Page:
Wrong thrust fuels controversy in Pakuranga

A less than satisfactory official and ministerial response to the public outcry over a School for ‘special needs students’ is precipitating a crisis in East Auckland.

The controversy, if not resolved to the satisfaction of the residents, could even cost the National Party the Pakuranga Constituency in the ensuing election, despite the electorate being a ‘blue chip.’

Trouble began about three weeks ago when the residents of Bucklands Beach objected to an ongoing plan to start ‘Thurston Place College,’ in the complex occupied earlier by ‘Waimokoia School.’

The institution, categorised as a ‘Special Needs School,’ will commence operations next year, under the jurisdiction of Child, Youth & Family Care.

About 100 students will attend Thurston Place College, which is located near Pigeon Mountain Primary, Bucklands Beach Intermediate and Macleans College.

Residents and neighbours of the College have called on the Government to abandon the plan, or at least halt the project until the community and affected schools have been properly consulted.

Education Minister Anne Tolley admitted to the principals and trustees of the three schools that there was a lack of consultation on this issue.

She told a meeting held in the presence of Pakuranga MP Maurice Williamson at the Auckland Airport on June 9 that she was now aware of the concerns about student safety and related matters.

Inadequate measures

Labour MPs Dr Rajen Prasad and Raymond Huo took objection to the Government’s handling of the matter, saying that the consultation process was unsatisfactory.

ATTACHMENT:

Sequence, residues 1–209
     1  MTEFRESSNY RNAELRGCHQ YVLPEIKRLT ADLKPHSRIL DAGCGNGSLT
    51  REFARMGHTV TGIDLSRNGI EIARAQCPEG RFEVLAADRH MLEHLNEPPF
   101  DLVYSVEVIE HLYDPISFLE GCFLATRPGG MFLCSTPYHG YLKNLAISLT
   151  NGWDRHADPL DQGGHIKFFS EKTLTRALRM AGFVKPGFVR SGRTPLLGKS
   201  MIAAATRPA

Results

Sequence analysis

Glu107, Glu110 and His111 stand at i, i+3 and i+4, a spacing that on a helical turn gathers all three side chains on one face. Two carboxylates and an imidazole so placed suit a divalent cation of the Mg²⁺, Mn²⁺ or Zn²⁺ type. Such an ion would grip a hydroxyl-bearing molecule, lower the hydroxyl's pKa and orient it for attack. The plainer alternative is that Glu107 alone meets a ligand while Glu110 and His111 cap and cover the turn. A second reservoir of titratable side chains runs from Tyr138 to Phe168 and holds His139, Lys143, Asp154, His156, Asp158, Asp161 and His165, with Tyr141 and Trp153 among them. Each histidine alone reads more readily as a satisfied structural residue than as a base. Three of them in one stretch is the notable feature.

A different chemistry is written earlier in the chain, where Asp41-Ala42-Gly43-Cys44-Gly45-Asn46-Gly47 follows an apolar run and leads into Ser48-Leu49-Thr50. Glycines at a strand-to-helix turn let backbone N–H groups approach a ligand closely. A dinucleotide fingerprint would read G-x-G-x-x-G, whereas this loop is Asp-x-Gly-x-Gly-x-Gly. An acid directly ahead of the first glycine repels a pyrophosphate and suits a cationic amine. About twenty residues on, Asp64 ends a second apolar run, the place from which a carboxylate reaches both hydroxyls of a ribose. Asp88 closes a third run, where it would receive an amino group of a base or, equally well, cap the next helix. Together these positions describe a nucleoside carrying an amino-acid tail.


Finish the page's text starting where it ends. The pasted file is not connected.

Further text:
“It is a slap on the face for frustrated locals,” they said.

Later in Parliament, Ms Tolley admitted that her Ministry had employed less than adequate measures to assess public opinion on the location of the institution.

But she did not indicate if the Project would be abandoned or delayed.

“My concern has to be primarily for the educational needs of this very vulnerable group of young people. They need and deserve the best quality education we can provide, as do all students. Thurston Place College has been established on the site of the former Waimakoia Residential School, which was a very different residential school. As this site was already designated as a school site, there was no requirement to consult on the school’s establishment,” she said.

Dr Prasad did not waste time. He said that despite being unhappy on the way the issue was handled, Ms Tolley is unwilling to do much about it.

“Community members who attended meetings in Pakuranga will not be satisfied with the Minister’s response. This is a shame because the Ministry and parents could have met to clarify their understanding of the purpose of the College and see if there was a useful way of working together to resolve their issues.

“Parents have vowed to take legal steps to stop the college from being built. It is a shame the local community now feels they have no other avenues available to them except taking legal action,” Dr Prasad said.

Mr Huo agreed, saying that Ms Tolley was far from understanding the depth of feelings within the community.

“I am surprised that even though the Minister is unhappy with the level of consultation, she is not prepared to share all the information with local residents so that everyone can arrive at an acceptable solution,” he said.

Dr Prasad said the Ministry should be proactive, contact parents and teacher groups and engage in a meaningful dialogue as a matter of urgency.

“I insist that the Education Ministry and the Establishment Board work closely with the local schools and community as they continue through the process,” he said.

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